CH9new07 - Chapter 9 PRODUCTION Boiling Down Chapter 9 If...

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Chapter 9 PRODUCTION Boiling Down Chapter 9 If utility has been created for anyone, then production has occurred whether or not the inputs are tangible. The process of generating utility can be spelled out by observing the amount of output that is generated by various combinations of inputs. When all relevant combinations of inputs are related to output we have a production function which is usually described in general terms with the equation Q = F(K,L), where K and L are capital and labor inputs, respectively, and Q is the amount of output generated. The Q itself is not the utility created, but the value added to the raw materials that went into the creation process. Utility is then realized as the output is consumed. Production is divided into two time periods. The short run assumes that capital does not vary from day to day. Labor, can be applied to the fixed capital in varying amounts, creating an entire menu of possible output levels. The idea that one McDonald's hamburger restaurant could employ anywhere from 1 to 100 workers illustrates the short- run decision that a McDonald's manager has to face each week. How many workers to hire will depend on how output responds to differing work force sizes. Figure 9-1 below shows a standard short-run production function that might characterize a McDonald's restaurant for a given day. TP TP MP AP Labor Figure 9-1 Output grows rapidly when the first workers are given more help. As workers are added, the increase in output slows and eventually drops as the workers get in each other's way. The marginal product of labor (MP L ) is equal to the slope of the production function (MP L = change in TP/change in the labor force), and the average product of labor (AP L ) is measured by the slope of a ray from the origin of the production function to the point of total output relevant for the specified labor force (AP L = TP/total labor force).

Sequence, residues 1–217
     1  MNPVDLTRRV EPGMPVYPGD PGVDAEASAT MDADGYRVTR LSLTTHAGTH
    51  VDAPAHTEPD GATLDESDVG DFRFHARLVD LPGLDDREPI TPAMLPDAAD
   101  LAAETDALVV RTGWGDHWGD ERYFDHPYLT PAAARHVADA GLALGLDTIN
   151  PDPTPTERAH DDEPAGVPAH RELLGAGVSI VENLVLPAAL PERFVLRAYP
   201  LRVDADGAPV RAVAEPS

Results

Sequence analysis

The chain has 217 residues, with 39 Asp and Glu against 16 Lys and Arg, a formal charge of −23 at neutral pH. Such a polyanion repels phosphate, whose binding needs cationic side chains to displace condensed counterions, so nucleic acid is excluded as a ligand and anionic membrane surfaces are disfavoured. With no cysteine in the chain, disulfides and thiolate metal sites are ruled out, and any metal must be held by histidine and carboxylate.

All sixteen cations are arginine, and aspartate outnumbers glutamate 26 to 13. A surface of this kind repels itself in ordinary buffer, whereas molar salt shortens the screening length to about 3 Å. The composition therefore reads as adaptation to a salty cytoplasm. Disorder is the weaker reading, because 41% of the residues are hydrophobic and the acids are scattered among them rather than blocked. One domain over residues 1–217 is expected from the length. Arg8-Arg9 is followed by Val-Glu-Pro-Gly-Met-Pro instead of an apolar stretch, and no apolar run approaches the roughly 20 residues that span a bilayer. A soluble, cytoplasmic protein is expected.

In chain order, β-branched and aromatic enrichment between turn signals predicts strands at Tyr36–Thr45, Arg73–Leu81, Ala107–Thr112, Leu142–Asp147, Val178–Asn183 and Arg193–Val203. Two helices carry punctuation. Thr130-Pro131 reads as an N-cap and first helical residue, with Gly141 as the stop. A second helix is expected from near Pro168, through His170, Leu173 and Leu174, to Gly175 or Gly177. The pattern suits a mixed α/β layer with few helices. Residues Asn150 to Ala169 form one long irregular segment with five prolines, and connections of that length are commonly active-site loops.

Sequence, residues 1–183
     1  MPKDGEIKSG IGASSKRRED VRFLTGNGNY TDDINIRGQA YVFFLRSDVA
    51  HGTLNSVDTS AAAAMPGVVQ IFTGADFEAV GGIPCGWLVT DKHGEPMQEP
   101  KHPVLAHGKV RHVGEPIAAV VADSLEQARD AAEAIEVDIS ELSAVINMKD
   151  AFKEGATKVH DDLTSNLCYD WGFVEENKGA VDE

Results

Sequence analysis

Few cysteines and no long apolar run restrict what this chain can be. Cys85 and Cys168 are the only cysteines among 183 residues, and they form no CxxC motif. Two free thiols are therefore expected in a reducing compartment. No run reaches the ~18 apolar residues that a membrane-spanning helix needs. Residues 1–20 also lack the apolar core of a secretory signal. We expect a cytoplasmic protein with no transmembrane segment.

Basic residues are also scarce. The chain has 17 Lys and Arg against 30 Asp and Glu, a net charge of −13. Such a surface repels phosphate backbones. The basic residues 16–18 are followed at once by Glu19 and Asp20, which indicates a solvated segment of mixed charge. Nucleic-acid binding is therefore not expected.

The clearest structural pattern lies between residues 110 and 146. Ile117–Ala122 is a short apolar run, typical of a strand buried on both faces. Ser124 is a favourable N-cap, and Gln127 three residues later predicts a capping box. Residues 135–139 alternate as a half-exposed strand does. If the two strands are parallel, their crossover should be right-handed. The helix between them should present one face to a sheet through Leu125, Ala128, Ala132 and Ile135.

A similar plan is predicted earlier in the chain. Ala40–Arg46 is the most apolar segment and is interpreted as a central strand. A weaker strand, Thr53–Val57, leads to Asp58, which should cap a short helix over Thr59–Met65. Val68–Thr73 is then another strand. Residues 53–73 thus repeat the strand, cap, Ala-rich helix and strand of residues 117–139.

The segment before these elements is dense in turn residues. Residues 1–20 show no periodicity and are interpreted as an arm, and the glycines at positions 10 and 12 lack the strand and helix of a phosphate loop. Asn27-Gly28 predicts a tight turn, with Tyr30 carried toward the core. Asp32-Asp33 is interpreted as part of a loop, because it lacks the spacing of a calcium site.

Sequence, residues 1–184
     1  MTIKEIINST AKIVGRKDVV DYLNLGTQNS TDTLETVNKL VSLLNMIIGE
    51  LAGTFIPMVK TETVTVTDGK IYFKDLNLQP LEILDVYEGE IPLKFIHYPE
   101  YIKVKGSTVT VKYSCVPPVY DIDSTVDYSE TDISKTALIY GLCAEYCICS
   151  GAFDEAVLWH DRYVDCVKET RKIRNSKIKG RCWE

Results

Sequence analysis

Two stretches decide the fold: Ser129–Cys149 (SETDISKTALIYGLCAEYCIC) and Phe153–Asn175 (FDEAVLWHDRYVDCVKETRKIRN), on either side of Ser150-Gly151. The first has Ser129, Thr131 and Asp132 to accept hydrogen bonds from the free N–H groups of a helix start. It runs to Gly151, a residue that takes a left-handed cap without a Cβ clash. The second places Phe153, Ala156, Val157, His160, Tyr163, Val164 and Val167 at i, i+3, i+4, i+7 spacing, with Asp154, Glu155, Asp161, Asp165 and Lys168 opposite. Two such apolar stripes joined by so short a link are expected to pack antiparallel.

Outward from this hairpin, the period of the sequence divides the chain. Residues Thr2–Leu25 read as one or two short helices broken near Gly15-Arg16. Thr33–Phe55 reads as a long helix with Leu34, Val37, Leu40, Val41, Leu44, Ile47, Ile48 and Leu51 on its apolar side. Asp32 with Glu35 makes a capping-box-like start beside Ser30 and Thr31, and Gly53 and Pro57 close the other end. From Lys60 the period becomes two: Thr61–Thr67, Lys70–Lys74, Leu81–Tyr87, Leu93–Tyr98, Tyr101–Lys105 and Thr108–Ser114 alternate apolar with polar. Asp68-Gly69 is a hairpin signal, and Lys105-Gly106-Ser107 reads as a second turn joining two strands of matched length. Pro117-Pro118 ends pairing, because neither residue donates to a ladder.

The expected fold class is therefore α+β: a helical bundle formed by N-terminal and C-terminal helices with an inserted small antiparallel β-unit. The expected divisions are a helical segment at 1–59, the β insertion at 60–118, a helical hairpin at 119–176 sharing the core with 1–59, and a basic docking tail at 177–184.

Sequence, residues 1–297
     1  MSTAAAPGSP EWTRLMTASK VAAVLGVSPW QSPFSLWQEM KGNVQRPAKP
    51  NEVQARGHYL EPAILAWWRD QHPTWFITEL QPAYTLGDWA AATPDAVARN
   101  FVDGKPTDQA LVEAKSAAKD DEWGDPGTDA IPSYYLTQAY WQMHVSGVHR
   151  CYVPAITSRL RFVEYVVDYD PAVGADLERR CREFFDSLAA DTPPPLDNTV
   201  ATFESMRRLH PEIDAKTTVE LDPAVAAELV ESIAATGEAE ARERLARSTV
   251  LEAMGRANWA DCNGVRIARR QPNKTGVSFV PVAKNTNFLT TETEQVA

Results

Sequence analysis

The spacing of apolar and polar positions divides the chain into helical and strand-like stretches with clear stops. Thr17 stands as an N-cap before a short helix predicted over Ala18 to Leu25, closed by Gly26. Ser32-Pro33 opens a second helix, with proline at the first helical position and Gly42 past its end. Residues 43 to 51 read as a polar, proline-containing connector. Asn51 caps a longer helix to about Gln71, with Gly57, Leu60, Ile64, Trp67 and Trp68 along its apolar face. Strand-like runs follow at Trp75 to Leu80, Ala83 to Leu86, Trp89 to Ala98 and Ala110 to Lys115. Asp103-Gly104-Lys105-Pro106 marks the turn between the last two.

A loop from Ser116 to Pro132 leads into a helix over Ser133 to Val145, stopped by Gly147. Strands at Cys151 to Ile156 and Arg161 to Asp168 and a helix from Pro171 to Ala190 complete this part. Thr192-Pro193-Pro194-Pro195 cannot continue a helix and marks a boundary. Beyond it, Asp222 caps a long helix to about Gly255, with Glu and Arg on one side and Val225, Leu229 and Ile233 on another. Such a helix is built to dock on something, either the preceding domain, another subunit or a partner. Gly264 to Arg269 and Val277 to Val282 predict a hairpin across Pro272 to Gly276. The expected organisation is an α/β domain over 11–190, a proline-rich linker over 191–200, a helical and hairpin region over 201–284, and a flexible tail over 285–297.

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CHAPTER 9: Production Producing efficiently requires attention to the marginal and average production relationships. As long as the marginal product is greater than average product, adding an additional worker will increase the average product per worker so profit rises if wages stay constant. Consequently, an additional worker will be employed whenever the marginal product exceeds the average product. Employment will take place somewhere between the place where marginal product and average product are equal, and where marginal product is 0. On Figure 9-7 in your text the number of persons employed will be between 6 and 8. Later in the text you will see how the wage rate is actually determined, and then a more definitive statement can be made about how many laborers will be employed. Beyond all the graphics, jargon, and algebra, there is a theory building, which leads to the use of just the right mix of inputs in production. The correct production recipe leads to the least cost and the most competitive business operation. This will become clearer when production theory is
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This note was uploaded on 05/25/2008 for the course ECON 73-150 taught by Professor Dubra during the Spring '08 term at Carnegie Mellon.

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CH9new07 - Chapter 9 PRODUCTION Boiling Down Chapter 9 If...

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